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“To get to the next level of greatness depends on the quality of the culture, which depends on the quality of the relationships, which depends on the quality of the conversations. Everything happens through conversations!”                                                                                                                                           Judith E. Glaser

Do you get frustrated because your staff “just don’t get it”?

You’ve told them over and over what you want and yet they still don’t deliver to your expectations and standards.

In “But I’ve already told him….”   we explored how you might engage differently with your colleagues by getting to know more about what motivates them and what is important to them in their roles and projects.

The advancement of Neuroscience and the understanding of how our brains work also provide several clues about how we can have more effective communications.

Judith E. Glaser explains that when we are fearful cortisol, a neurotransmitter, sends signals to our brain. If we are especially fearful we shut down. We go into “fight, flight or freeze” mode and we no longer access the parts of our brain that regulate emotions and strategic thinking.

Some examples of when our bodies create cortisol are when we feel:

  • we don’t belong (are an outsider)
  • we don’t feel safe (uncertainty)
  • we are being judged
  • our contributions are not valued
  • we don’t trust the speaker/environment

 Our bodies also create chemicals such as oxytocin, dopamine and serotonin that allow our brains to operate at an “executive” rather than “primitive” level.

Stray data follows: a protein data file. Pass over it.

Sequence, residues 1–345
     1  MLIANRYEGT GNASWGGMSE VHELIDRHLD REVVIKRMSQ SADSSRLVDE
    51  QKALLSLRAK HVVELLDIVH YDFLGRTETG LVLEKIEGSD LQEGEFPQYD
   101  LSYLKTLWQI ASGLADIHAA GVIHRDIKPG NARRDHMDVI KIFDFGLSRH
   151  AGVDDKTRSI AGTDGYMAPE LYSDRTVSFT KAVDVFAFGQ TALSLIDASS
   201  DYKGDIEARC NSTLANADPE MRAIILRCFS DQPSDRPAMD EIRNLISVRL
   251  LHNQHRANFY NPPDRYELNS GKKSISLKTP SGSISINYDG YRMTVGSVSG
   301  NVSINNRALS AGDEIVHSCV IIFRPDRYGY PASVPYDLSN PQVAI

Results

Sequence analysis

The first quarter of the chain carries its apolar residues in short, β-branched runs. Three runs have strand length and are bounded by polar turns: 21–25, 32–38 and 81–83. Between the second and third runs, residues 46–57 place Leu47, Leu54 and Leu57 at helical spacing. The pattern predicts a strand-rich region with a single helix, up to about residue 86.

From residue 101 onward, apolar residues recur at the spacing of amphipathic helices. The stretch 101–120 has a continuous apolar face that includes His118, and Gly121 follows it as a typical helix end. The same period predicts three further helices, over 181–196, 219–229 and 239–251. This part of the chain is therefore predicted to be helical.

Glaser describes 3 Levels of Conversation that impact trust and the chemicals in our brain and hence how open we are to listen, to engage, to share responsibility and to be creative.

Level I is Transactional and if overused results in the “Tell-Sell-Yell Syndrome”. If our conversations tend to be mostly at this level, we tell more than ask and our colleagues can feel resentful and that they have to comply with our instructions.

Level II is Positional. Leaders who overuse this tend to ask questions to confirm their own positions or perspectives. They are “Addicted to Being Right”.

Level III is Transformational. At this level leaders, explore different perspectives and ask questions with deep curiosity. The downside of excessive use of this level of conversation is “All Talk and No Action.”

There is a place for each Level of Conversation. The skill of great leaders and business owners is to be flexible and discern when it is appropriate to have each Level of Conversation.

Questions for reflection:

What is your intention when you ask questions; to confirm what you already know or to create new possibilities?

Do you second-guess the answer rather than really listen to what your employees have to say?

How do you cultivate curiosity and openness amongst your team members?

Do you create environments where your colleagues feel safe to speak up?

As the leader do you set the tone by allowing people to experiment, make mistakes and create better products and services through iteration?

What could you do differently to create a workplace of trust and belonging?


Judith E. Glaser, 2014, Conversational Intelligence. US: Bibliomotion

David Rock & Christine Cox,  SCARF® in 2012: updating the social neuroscience of collaborating with others

Otto Sharmer, 2012, Theory U: Leading from the Future as it Emerges. US: ReadHowYouWantLtd

Photo Source: Courtesy of Digital Willow


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